Hope

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Hope

Thursday, July 2nd, day 32

And the children of Israel went into the midst of the sea upon dry ground: and the waters were a wall unto them on their right hand, and on their left.

—Exodus 14: 22

“Oh, my gosh you can’t be serious. She’s getting married?”

“Yeah, I guess so,” I told Araunah with forced cheerfulness.

“Hanuara, you have to let Jada and me plan her shower! This is going to be so awesome! Thanks, ’bye!”

“Well, you’re welcome,” I said to the dial tone. Now I had to explain to my mother that my friend of two weeks wanted to plan my sister’s bridal shower. Better get to it, before she hired somebody professional to do it.

I hadn’t wanted the news to get out, but of course it wasn’t my decision, though I felt I owed Araunah and Jada a personal explanation. My mother was doing her phone calls, and my father his, and I had a feeling this was going to be a big wedding. My invites consisted of Araunah, Jada, Lee, Sophia (they were a package deal) and Chris. Blair didn’t want to go. heck, I didn’t want to go. but as the maid of honour, it was part of my job description to show up.

From downstairs, Monica exclaimed how beautiful a wedding cake was, and my mother’s and Aunt Tina’s squeals joined in. The sound grated on my nerves and made me want to jump out a window.

For the first time in years, I decided to check my fan mail. Nothing to get you up like four years of overdue compliments. I resolved to answer everyone, to make the time go by.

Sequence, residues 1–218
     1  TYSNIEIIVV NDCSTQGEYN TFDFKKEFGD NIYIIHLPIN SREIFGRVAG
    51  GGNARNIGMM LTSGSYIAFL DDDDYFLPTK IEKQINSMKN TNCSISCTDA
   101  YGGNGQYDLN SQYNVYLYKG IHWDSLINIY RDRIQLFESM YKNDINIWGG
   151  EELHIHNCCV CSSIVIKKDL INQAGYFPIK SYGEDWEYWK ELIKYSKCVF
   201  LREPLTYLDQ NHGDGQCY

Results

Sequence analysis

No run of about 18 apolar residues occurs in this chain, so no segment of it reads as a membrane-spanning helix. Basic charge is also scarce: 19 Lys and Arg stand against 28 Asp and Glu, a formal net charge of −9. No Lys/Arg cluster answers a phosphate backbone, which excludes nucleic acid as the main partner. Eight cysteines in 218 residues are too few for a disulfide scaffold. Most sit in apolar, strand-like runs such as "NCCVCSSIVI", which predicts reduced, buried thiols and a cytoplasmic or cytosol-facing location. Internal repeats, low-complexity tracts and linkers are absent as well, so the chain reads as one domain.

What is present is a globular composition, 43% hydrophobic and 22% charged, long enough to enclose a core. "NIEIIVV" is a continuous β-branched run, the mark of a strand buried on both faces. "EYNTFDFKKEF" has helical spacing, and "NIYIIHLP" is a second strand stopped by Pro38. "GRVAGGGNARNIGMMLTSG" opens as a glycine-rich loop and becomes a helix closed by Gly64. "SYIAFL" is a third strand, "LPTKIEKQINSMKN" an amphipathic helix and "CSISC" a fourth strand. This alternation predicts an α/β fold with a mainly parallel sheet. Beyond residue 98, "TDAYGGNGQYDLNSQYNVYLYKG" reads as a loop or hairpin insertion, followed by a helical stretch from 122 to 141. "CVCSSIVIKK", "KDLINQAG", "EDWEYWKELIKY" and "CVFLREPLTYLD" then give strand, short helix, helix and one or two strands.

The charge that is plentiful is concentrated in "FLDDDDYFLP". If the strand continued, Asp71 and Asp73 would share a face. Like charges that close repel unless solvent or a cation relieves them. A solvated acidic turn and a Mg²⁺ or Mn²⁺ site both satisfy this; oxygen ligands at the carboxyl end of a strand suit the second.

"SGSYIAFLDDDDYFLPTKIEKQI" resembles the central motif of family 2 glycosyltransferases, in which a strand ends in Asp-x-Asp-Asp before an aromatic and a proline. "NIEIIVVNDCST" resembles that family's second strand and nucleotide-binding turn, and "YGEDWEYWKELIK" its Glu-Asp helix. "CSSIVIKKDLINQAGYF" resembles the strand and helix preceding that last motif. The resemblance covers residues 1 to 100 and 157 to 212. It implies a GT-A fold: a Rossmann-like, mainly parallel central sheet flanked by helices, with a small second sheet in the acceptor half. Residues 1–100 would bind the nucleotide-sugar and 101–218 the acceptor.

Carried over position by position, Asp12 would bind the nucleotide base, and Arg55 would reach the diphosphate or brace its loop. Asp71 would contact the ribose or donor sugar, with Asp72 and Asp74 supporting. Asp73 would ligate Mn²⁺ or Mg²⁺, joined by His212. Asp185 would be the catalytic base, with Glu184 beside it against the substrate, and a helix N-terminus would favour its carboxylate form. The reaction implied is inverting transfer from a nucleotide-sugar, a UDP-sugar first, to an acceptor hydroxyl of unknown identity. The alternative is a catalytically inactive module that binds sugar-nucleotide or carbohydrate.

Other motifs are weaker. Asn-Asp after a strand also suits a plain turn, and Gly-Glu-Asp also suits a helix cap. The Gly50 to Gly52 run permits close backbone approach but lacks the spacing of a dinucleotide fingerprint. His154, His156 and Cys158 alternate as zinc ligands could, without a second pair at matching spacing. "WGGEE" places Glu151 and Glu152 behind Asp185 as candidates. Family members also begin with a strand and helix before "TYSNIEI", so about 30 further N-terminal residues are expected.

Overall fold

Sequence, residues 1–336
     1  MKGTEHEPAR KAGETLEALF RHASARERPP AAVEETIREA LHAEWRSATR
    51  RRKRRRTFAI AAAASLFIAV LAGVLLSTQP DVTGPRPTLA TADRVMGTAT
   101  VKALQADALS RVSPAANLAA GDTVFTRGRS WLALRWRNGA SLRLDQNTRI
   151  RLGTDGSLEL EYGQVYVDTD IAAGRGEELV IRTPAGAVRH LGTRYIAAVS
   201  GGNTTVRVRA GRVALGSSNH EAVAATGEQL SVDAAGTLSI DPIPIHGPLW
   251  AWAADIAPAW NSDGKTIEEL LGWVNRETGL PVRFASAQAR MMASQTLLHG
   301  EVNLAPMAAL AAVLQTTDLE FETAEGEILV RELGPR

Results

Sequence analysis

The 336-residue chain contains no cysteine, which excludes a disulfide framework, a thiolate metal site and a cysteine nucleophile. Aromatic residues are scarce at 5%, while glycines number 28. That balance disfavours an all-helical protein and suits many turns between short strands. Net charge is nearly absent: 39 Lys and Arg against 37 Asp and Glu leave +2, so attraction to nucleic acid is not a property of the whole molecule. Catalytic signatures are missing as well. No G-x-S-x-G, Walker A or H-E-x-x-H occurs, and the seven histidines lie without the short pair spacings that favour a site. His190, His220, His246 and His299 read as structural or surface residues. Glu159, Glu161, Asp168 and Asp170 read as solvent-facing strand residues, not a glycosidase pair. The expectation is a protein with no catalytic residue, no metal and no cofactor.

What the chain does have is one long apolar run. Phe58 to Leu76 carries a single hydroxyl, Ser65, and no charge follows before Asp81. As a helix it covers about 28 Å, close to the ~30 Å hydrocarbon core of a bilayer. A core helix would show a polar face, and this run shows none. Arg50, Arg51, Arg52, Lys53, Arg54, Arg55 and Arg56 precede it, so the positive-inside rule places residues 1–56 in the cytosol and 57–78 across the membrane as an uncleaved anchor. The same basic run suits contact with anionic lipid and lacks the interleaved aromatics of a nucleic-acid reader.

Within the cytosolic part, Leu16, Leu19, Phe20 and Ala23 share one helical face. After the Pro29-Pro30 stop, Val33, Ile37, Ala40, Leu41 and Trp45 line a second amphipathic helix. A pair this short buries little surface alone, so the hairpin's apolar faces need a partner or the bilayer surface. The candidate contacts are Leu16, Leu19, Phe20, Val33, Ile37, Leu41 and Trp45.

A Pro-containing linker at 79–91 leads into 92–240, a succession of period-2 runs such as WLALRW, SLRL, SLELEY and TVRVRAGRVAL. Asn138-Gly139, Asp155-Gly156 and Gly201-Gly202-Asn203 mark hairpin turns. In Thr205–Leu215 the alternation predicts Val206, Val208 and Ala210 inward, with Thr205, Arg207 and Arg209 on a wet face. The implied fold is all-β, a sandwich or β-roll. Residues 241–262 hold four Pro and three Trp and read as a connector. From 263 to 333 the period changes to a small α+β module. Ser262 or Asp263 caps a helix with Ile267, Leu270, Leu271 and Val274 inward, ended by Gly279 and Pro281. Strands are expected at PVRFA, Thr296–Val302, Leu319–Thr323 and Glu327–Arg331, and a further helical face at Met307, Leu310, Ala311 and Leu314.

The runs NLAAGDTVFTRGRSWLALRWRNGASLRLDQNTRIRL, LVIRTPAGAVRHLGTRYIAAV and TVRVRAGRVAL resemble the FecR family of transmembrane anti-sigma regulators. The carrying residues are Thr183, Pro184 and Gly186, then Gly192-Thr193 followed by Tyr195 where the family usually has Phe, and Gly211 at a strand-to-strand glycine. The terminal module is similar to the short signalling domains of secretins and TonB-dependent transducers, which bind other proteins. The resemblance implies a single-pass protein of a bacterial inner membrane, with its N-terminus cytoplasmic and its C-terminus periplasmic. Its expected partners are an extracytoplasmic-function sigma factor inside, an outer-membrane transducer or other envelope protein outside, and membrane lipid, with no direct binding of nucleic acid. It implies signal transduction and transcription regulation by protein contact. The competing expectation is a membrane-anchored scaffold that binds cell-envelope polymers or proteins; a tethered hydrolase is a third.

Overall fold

Friday, July 3rd, day 33

Mom was thrilled that my “adorable little friends want to be in charge of the bridal shower.” They did do a good job, I had to admit. With free reign of her credit card, they had everything ready in less than a day. Just because it was a Memorial Day, didn’t mean you couldn’t do something in your own house. everything was either blue, purple, or white (including Monica), and there was a whole tent just for presents. Everybody had gotten here on time, and I was sitting chatting with my fellow bridesmaids when Julius tapped me on the shoulder. I smiled and kissed him, and took his hand when he sat with us at the outdoor table.

“So you’re Hanuara’s betrothed,” said Jane Wells, who was looking good in her brief jean shorts and a long-sleeved tee-shirt.

“Jane, betrothed means engaged. I think you mean beloved,” said Kendra Malroy, Monica’s best friend.

“Whatever, you know what I mean. So, where’d you two meet?” Jane nudged me with a wink.

“Crimson Beach. I bought, like, six pounds of ice cream without realizing it, and I was in desperate need of help, and voila, there he was!” I leaned in to him, laughing when he kissed my forehead.

“It was very romantic,” he insisted, smiling at the other girls. “We watched dolphins at sunset, and Steven shot off fireworks, and I knew I was in love.”

I froze in shock. Did he just say “In love”? I gave him a questioning look, but now was not the time to go into freak-out mode. The other girls awwwed and looked at him dreamily, and all the while I was just grateful that he was mine. And no one else’s.

“I met Dallas at the bottle depot,” said Francine Vickerson. “He told me that I should really learn to take the caps off the bottles, to save him the time of doing it.”

We all stared at her. “How odd,” said Jane.

Francine shrugged. “We’re still together, after all these years. Isn’t that what counts?” We agreed.

Jada and Araunah, wearing blue-and-violet feather boas around their necks, skipped up and asked how we were enjoying the party, and if we had tried the guacamole. “Ancient family recipe!” Araunah winked at us. About half my table got up to go to the snack table, and I took the momentary distraction to pull Julius into the fenced off back yard. Here the lights from the party couldn’t reach us, and it was almost pitch dark. But I could see his face perfectly.

“Did you just say you’re in love with me?”

He looked down at our clasped hands. “Yes,” he said softly. “I was going to tell you, but I wasn’t sure of the right time. I wasn’t quite sure if you felt the same way.”